Choosing the Right Wedding Code

How to choose the right dress code for your wedding

There’s no right or wrong for a wedding dress code, just what’s right for you. Here are the factors to weigh before committing to a wedding dress code. 

  • Fit the mood. Even if you’re not doing a themed attire dress code, the theme still sets the tone. Keep this in mind before finalizing your dress code. 
  • Afternoon or evening. Time of day should also play a role. Black tie dress codes feel out of place at 12 noon.
  • Venue guidelines. Whether or not your venue has its own dress code to follow, advise guests to dress for the location. 
  • Dress for the season. Weather and time of year should inform your dress code, especially with an outdoor wedding. For instance, beach casual might not be the best call for a December wedding, even if it’s in Southern California.
  • Fashion and comfort. You want your guests to have a good time on your big day. Outline a dress code that sets the right tone that your guests will feel comfortable in for the whole day or evening. 
  • Make it easy to understand. You should be ready to answer any guest questions, if they want to know exactly how to get ready to celebrate your big day. But it can save both of you time if your wedding dress code wording is clear and simple. 
  • Your wedding, your style. This is your day to plan however you see fit. Your wedding dress code should reflect your personality. If you and your soon-to-be spouse love the glitz and glamor of a formal dress code, dressy casual isn’t for you.
  • Match with your wedding outfit. If those saying “I do” are donned in a flowy beach dress or linen suit, should everyone else really be in cocktail attire? A wedding dress code should be cohesive for the couple and their guests. 

Dress code wording etiquette and placement

As is the case with nearly all wedding etiquette, clear communication is key. You can ensure a good guest experience by giving everyone plenty of notice for your wedding dress code plans. And your wedding invitation is a perfect place to note your clothing requirements. To keep your invitation clean, you can list your category of dress code in one simple sentence. This is usually listed toward the bottom of the invitation, following the essentials of date, location, and time. Use wording that is instructive and polite, that fits the tone of the rest of your invitation’s language. 

And if you have a wedding website, you can include details with examples to help answer guest questions. If you’ve chosen a less known or slightly ambiguous dress code like festive attire, an explanation can clear up a lot of confusion. Just like with your invitation, it helps to put your dress code information in an easy to find location, near other important information.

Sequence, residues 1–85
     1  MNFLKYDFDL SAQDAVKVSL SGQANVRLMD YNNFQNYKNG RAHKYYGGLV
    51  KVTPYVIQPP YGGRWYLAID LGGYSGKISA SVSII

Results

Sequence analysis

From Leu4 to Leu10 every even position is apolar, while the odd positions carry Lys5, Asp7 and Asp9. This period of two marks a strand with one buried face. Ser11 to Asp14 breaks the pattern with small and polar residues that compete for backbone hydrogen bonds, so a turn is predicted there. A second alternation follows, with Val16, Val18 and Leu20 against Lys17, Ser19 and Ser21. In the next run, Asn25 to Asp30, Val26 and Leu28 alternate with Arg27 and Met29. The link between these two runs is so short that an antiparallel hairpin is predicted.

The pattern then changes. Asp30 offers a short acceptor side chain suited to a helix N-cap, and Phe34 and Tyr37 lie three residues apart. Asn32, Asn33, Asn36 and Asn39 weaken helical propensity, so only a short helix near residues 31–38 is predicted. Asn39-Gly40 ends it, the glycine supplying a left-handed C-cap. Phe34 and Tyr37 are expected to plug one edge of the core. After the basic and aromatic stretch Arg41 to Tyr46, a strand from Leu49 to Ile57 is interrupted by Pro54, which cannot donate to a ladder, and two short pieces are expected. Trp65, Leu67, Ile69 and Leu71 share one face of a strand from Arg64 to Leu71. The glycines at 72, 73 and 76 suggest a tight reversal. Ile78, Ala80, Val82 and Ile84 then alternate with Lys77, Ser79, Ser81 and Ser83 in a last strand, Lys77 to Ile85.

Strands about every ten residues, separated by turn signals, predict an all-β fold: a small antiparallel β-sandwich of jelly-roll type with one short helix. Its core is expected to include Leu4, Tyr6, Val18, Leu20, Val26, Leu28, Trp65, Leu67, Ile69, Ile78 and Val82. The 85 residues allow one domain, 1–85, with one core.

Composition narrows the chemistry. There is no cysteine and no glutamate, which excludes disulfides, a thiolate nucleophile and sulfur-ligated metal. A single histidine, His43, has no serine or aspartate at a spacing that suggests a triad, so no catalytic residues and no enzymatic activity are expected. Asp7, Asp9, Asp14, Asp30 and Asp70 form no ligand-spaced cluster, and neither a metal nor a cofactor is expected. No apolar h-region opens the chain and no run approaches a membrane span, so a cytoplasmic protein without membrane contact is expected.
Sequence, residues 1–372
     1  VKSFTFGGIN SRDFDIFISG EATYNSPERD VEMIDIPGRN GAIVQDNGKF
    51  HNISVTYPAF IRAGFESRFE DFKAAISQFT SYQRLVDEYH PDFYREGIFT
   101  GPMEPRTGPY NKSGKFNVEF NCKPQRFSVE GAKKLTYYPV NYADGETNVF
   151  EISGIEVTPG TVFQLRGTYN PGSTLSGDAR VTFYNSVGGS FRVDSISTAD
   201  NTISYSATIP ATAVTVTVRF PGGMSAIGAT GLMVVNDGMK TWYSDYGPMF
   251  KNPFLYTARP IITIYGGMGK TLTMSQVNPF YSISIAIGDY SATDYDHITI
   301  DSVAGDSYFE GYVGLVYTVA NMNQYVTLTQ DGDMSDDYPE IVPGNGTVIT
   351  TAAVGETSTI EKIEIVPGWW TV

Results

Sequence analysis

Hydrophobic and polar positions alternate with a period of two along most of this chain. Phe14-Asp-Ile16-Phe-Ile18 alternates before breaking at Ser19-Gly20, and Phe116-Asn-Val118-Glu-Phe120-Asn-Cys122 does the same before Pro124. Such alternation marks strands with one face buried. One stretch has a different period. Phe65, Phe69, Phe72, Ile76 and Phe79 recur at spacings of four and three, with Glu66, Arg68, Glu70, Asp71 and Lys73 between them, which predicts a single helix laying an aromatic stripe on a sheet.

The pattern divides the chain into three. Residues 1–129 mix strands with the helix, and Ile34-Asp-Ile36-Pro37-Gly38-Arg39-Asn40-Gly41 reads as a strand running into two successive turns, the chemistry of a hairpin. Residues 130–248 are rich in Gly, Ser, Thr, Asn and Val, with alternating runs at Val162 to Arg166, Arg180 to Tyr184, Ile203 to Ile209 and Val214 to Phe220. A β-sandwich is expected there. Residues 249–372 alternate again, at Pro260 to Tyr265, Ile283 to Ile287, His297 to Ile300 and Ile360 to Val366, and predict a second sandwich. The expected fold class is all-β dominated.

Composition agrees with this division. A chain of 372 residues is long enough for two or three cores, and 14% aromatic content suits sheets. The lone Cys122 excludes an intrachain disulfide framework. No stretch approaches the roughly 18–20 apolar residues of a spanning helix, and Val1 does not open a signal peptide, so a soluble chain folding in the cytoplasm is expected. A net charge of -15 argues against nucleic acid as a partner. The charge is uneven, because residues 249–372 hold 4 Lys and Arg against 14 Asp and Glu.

Wording Examples for Each Wedding Dress Code

Wording examples for each dress code

You’re welcome to simply list the type of dress code on your invitation. But if you have room, feel free to add some additional detail or get a little creative, as long as guests can easily understand. Here are some samples of how to disclose your wedding dress code on your invitation. 

  • White Tie
    • White Tie Celebration: Please join us in your most royal formalwear.
  • Black Tie
    • A Formal Affair: Our venue requires Black Tie attire.  
  • Black Tie Optional
    • Black Tie Optional: Formal attire is suggested.
  • Creative Black Tie
    • Creative Black Tie: Formalwear is suggested, with some flare.
  • Cocktail
    • Cocktail Attire: Elegance encouraged.
  • Semi Formal
    • We can’t wait to celebrate with you in your daytime Semi Formal attire. 
  • Festive Attire
    • Festive Attire: Guests are encouraged to wear bold, colorful semi formal attire. 
  • Garden Party
    • Garden Party Attire: Dress in your best outdoor-friendly semi formalwear. 
  • Dressy Casual
    • Comfort Encouraged: Our celebration will be Dressy Casual.
  • Casual
    • Casual attire is welcome at our wedding.
  • Beach Casual
    • Seaside Attire: Arrive in your best Beach Casual wear. 
  • Themed Attire
    • Halloween Themed Attire: Costumes preferred. 

Dress in your best for all nuptial occasions

Whether you want each guest dressed in their finest, or prefer a casual atmosphere, planning and communicating your dress code is essential. Let guests know exactly how they should arrive on the invitation, and be ready to answer any questions for less conventional dress codes. Then when the big day arrives, your guests will be dressed for exactly the wedding you’ve always envisioned.

Wedding Dress Code and Wording Etiquette